One advantage is that you can stack a few buckets together to send multiples to siblings, and they are really light so they ship fairly inexpensively other than the bulkiness factor. (Apparently many of the children / parent parings that I love to hassle live very far away.)

These seem to be the kind of thing that constantly get lost / broken / left at the park sandbox or the beach, so I think it’s a reasonably decent thing to get (as opposed to something large or unwieldily or less useable, like I don’t know what exactly, but there are a lot of dumb kid’s products in the world).

PS The age guideline is really just to help me avoid repeating gifts. (Oh, you’re turning 2? I guess I won’t give you a bucket again!) I think a sand bucket assemblage is a good gift for any age person’s pool party (but maybe replace the kiddie sunglasses with Corona for mature audiences).

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California Map Society & Stanford Lecture Series Notes

After a series of hilarious incidents during which I ate half of someone else’s grilled cheese and ice cream sundae, then couldn’t find the campus shuttle due to a failure to read maps correctly… I wound up at the California Map Society & Stanford Lecture Series only a little bit later than I had originally planned.*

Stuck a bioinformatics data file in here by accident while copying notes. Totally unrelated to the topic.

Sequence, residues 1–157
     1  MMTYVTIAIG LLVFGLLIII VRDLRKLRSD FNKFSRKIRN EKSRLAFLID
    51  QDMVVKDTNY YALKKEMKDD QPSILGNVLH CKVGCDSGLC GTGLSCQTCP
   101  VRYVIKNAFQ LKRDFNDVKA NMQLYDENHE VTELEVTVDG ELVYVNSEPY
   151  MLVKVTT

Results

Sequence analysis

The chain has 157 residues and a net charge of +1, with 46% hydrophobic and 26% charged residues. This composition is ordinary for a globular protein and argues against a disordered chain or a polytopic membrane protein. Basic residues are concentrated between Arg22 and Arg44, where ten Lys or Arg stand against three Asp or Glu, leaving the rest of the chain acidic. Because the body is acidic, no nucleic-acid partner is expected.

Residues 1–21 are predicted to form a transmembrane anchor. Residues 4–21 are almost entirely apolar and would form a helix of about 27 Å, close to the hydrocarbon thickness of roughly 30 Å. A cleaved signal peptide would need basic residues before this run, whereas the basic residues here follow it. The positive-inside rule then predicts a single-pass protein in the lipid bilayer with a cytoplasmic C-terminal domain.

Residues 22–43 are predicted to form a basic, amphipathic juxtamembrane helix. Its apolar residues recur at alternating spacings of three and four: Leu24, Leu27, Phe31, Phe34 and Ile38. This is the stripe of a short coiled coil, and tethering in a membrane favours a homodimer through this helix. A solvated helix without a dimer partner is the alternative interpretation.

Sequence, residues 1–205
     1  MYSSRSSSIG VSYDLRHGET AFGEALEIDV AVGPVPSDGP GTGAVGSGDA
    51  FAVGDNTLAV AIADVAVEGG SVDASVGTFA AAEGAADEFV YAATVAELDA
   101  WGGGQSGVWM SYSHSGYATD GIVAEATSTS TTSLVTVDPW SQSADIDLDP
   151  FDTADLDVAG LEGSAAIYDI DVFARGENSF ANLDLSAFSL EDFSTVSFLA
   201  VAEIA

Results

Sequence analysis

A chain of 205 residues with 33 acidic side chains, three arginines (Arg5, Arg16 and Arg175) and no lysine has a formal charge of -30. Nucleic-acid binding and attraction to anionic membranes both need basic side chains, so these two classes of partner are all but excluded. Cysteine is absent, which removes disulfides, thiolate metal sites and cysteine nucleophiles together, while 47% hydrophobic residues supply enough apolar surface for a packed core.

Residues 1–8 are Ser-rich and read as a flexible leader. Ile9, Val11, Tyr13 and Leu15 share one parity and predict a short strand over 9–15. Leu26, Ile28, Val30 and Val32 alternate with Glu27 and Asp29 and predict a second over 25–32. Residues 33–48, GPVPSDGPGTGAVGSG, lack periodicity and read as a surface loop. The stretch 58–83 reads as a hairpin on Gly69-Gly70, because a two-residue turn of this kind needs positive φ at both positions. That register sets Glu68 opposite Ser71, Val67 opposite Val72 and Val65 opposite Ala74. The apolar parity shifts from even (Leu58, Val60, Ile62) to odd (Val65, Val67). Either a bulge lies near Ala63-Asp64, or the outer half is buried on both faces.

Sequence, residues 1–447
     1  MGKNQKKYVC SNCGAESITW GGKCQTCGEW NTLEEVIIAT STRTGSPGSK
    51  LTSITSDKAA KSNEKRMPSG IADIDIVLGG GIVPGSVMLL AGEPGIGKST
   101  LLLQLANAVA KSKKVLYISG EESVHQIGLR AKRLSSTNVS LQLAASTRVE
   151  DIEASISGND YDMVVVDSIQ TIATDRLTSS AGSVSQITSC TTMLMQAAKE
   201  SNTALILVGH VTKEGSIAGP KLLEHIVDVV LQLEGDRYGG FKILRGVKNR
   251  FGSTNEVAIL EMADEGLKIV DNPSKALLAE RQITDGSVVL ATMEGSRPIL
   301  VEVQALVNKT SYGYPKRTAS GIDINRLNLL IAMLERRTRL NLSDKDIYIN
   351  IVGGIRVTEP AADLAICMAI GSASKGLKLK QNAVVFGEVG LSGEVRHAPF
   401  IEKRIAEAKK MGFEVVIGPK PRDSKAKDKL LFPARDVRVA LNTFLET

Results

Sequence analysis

California Map Society & Stanford Lecture Series

I attended the student paper presentation at the David Rumsey Map Center in the Cecil H. Green Library at Stanford University on 4 May 2017. It. Was. AWESOME. There were giant monitors around the room for viewing maps, and neat spinning globes atop every shelf. The David Rumsey Historical Map Collection has been an invaluable on-line tool for my research and teaching, so it was really cool to go to a room dedicated to preserving and displaying the collection.

The student talk was based on materials from the collection and the speaker had won an award for her essay. (I’m definitely planning to include her name and institutional affiliation as soon as those become available on the California Map Society page. As I was late due to terrible map-reading skillz, I missed those important details.)

She was speaking about two maps by Guillaume de L’Isle and [???] (I’m waiting for the paper to become available to get the spelling of the second mapmaker’s name). She noted the emphasis in each map on the abundance of commodities and commercial potential for the Louisiana Territory. Both mention “The Heart of the River” in their titles (any one have ideas as to why? Theories accepted in the comments). The focus on the river routes and fur trade was particularly relevant to my area of interest, of course (CANADA).